The American Solidarity Party Comes to U-M

A recent political event on campus provided students with an authentically conservative alternative to the two-party duopoly. Peter Sonski, the presidential nominee for the little-known American Solidarity Party (ASP), spoke to a surprisingly large number of U-M students at a November 7 event hosted by the American Revival Front.

In a campus political environment in which the only two viable options often seem to be either garden-variety fanatical progressivism or a radically consumerist, individualistic, hedonistic brand of “Barstool conservatism,” Sonski’s remarks offered a breath of fresh air.

Modeled after European-style Christian democratic parties, the ASP exists to promote the “common good, common ground, and common sense.” On the traditional American political spectrum, the ASP is perhaps best described as being economically left and socially right. Sonski laid out his party’s platform in an appealing, coherent manner.

Sonski was fully aware that winning the presidential election is a long shot for any third party, particularly one founded only in 2011. He remarked that “there’s two dominant parties and then a series of wannabes on the periphery.” Be that as it may, Sonski argued, the American people deserve more than to vote for “a lesser-of-two-evils candidate.”

During his speech, Sonski provided a substantive political vision that Americans of virtually all political persuasions should be able to find some common cause with.

Conservatives in particular would do well to seriously consider some of the ASP’s proposals. Sonski’s guiding principles and policy proposals did not reflect the American “conservatism” of yesteryear that seeks only to conserve liberalism in its latest iteration. Instead, the ASP supports a more traditional communitarian, muscular political outlook that is arguably more conducive to a flourishing, virtuous society.

Sonski addressed culture, education, the environment, foreign policy, health care, and more. The ASP is unapologetically pro-life, as it opposes abortion or euthanasia, but Sonski answered the common critique that pro-life Republicans are merely “pro-life until birth.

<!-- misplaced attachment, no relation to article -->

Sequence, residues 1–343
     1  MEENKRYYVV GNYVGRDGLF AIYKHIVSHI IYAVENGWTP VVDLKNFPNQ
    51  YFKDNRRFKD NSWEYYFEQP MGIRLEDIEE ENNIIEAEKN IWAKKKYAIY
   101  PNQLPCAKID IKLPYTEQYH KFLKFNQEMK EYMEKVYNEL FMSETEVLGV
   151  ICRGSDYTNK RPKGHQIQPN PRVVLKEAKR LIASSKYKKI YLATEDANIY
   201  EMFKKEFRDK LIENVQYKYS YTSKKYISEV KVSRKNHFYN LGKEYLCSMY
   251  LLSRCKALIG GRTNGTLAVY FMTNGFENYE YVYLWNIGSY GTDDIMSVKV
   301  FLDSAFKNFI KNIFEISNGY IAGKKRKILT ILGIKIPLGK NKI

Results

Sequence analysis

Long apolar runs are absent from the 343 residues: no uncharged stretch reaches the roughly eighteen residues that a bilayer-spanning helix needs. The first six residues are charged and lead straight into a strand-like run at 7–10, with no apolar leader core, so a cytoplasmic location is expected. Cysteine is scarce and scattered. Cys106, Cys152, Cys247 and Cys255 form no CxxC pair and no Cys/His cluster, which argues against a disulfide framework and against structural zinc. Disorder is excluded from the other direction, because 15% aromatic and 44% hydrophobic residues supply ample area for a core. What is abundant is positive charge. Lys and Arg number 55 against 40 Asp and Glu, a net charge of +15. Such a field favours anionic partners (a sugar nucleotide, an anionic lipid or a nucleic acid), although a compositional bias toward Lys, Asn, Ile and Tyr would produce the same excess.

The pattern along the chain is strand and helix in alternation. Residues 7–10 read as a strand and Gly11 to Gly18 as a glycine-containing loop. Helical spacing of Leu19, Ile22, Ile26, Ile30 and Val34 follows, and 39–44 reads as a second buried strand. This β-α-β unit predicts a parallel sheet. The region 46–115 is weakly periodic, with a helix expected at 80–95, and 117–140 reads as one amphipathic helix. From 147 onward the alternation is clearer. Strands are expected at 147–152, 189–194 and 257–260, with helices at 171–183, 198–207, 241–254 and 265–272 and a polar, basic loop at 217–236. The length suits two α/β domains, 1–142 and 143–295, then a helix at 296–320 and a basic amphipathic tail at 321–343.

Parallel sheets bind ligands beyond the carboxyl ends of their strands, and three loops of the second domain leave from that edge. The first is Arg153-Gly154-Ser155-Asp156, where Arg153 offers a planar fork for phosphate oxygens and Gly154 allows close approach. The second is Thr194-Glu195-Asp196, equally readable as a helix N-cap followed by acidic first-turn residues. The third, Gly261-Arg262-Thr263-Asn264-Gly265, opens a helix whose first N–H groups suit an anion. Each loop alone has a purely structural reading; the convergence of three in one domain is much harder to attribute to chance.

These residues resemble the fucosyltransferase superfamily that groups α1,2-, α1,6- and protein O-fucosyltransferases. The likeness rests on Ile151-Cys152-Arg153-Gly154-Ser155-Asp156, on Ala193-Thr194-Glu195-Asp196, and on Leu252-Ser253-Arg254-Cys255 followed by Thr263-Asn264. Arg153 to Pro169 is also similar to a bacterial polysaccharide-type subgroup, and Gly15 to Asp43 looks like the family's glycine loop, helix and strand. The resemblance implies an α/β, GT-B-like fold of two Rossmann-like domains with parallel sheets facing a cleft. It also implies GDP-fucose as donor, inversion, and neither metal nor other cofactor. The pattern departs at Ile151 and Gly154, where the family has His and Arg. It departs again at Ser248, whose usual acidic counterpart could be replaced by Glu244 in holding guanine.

Speaking on the issue with compassion and empathy, reflective of the ASP’s recognition of the inherent dignity within all human beings, Sonski pointed out that his party supports wielding political power to provide vulnerable Americans with the basics they need to not only live, but thrive.

The ASP, as Sonski alluded to, encourages all levels of government to “meet the needs of vulnerable women and children” and promote a culture of life by, for instance, “funding crisis pregnancy centers and other organizations that provide prenatal care and maternal support.” Sonski did not mention it in his speech, but the ASP even “maintain[s] that pregnancy, childbirth, and neonatal care must be free at the point of care so that no family need worry about the expenses of bringing a child into the world.”

On a variety of issues, Sonski spoke of a welcome return to traditional political principles that American “conservatives” would do well to remember. It was refreshing to hear a presidential candidate, no matter how obscure, offer a vision that avoids simply settling for the social revolutions of five minutes ago but with lower marginal tax rates — yet a vision that is certainly not progressive either.

From reminding us of the centrality of the community and the traditional family and our duty to be good stewards of the environment, and of our obligations to consider the interests of labor as well as capital and to pursue noninterventionism abroad wherever possible, Sonski and the ASP are a necessary force in American politics.

Underpinning Sonski’s speech was an awareness that private power can sometimes be every bit as tyrannical as public power and that the state can be used as a tool to promote the common good rather than simply as an unfortunate necessity to maintain procedural norms.

If the ASP can continue growing and gain enough political traction — especially in battleground states such as Michigan — for the two-party duopoly to take notice, the future of American conservatism will look brighter.

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About Chris Coffey

Chris Coffey is editor in chief emeritus of the Michigan Review.